TRHH: You have a lot of heavy hitters featured on the project. How did you go about securing verses from all of these artists?

Steph Dash Nash: I had previously interviewed several artists and producers over the past few years for my website Supreme Ultra Radio. Incredible artists such as Diamond D, Pete Rock, Masta Ace, Tragedy Khadafi and General Steele just to mention a few. After my video interview with General Steele he told me it was a pleasure to work with a professional and to keep going. I approached a few of my favorite artists I wanted to work with and here we are almost three years later. Big Sproxx later added onto this incredible lineup of gifted lyricists.

TRHH: What does your production set up consist of?

Steph Dash Nash: At the studio I work out of there is a wide range of equipment and production gear but for this album all the music was created on an Akai MPC 1000 with a JJ OS update. The MPC 1000 was the first piece of equipment Sproxx introduced me to. I fell in love with how easy the workflow and functions of that machine are to learn. I realized I was able to create the sounds and style of music I loved right there all in one box and never looked back.

TRHH: Do you have a musical background or is the album mostly sample-based?

Steph Dash Nash: Growing up, listening to and falling in love with Hip-Hop music all of my favorite producers crafted their music using samples. That is the sound that has always moved me and resonated in my soul. That is the type of music that me and my partner Sproxx create just like all the great producers who influenced and inspired us.

TRHH: Being diagnosed with a terminal illness is something no one is ever prepared for. You worked on the album while undergoing treatment, what has kept you strong and moving forward during such a tough time?

Steph Dash Nash: Brain cancer has been a crash course in the differences between expectations and reality. Initially, I never wished to know my life expectancy or what kind of Glio it was. Everyone wanted to know but me. I felt knowing that information would cause negativity and put me in a bad headspace. Unfortunately I found out 6 months ago it’s Glioblastoma IV. The life expectancy is 9-14 months. I am going to be a bit vulnerable; actually I haven’t shared this yet. When I found out by mistake I cried every day for two weeks. Brain cancer stole a lot from me, beside memories and some mobility; I missed both my sons’ graduations. I missed them receiving honor’s roll, partial scholarship and math awards. I was in surgery both days of their graduation. I vowed to never miss another milestone. Fight every day to keep pushing. I guess you can say it’s my will to live that has kept me moving forward.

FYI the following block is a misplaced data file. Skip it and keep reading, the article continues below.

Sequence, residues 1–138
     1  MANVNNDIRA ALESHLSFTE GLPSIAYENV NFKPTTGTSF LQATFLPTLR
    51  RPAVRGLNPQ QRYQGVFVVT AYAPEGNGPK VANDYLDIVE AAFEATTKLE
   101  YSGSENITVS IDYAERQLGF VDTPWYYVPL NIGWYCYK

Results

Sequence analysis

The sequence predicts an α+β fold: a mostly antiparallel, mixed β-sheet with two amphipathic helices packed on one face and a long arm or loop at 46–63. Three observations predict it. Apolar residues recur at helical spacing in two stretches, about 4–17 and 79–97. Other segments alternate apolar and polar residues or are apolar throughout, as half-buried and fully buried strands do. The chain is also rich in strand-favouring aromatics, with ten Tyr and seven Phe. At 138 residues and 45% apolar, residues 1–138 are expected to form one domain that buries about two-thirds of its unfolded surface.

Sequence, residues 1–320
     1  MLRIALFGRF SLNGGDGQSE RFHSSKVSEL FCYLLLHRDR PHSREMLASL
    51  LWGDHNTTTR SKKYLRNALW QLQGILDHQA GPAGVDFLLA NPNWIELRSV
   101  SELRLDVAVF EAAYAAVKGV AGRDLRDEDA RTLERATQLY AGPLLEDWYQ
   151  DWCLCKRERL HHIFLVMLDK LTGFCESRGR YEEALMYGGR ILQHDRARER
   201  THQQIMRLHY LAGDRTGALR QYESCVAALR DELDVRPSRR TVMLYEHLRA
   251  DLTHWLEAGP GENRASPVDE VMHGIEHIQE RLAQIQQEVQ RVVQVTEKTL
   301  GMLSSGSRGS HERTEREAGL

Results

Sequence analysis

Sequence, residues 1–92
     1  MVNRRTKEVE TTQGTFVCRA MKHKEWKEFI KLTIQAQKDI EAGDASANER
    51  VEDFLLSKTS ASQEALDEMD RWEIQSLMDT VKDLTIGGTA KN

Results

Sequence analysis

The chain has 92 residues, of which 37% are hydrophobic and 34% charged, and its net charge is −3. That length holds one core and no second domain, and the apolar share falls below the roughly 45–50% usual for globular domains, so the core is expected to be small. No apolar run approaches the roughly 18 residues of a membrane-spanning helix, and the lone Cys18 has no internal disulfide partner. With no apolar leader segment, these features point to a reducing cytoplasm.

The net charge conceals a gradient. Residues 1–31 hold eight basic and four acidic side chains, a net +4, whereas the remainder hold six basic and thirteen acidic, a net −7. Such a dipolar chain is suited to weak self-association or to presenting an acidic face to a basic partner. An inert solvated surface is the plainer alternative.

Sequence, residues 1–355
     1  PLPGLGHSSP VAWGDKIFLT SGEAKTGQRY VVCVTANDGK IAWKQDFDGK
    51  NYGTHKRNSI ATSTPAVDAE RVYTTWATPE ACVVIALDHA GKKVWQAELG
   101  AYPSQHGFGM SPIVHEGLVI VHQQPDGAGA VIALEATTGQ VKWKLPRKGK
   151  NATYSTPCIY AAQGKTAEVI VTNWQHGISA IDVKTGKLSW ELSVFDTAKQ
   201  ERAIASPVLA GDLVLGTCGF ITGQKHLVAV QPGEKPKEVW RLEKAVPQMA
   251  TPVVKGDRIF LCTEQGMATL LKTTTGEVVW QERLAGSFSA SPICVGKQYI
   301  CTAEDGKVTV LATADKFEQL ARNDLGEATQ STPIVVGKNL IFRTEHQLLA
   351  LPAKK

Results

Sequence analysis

TRHH: How important have your friends, family, and artists that participated in the album been to you throughout this time?

Steph Dash Nash: Highly important. I’ve never been one to ask for help and to go at something of this magnitude alone is not possible. Everyone has afforded me extra patience and understanding. It takes me longer to complete tasks and sometimes I forget things mid-sentence but everyone including the artists on this project continue to be very encouraging and supportive.

TRHH: Talk a little about your campaign with Sunnybrook Health Science Center.

Steph Dash Nash: Glioblastoma IV is one of the deadliest forms of Brain Cancer. There is no cure. The average life expectancy is 9-14 months. That’s unacceptable. Sunnybrook Health Science Center is the first to breach the blood-brain barrier to allow patients like myself to receive chemo. I made Glioblastoma shirts and with every purchase of a shirt you will receive a free download of the song “Strange Fruit” written and performed by O.C. and a percentage of the proceeds I will donate to the Sunnybrook Gord Downie Brain Cancer Fund. This song provided me with strength to fight every day.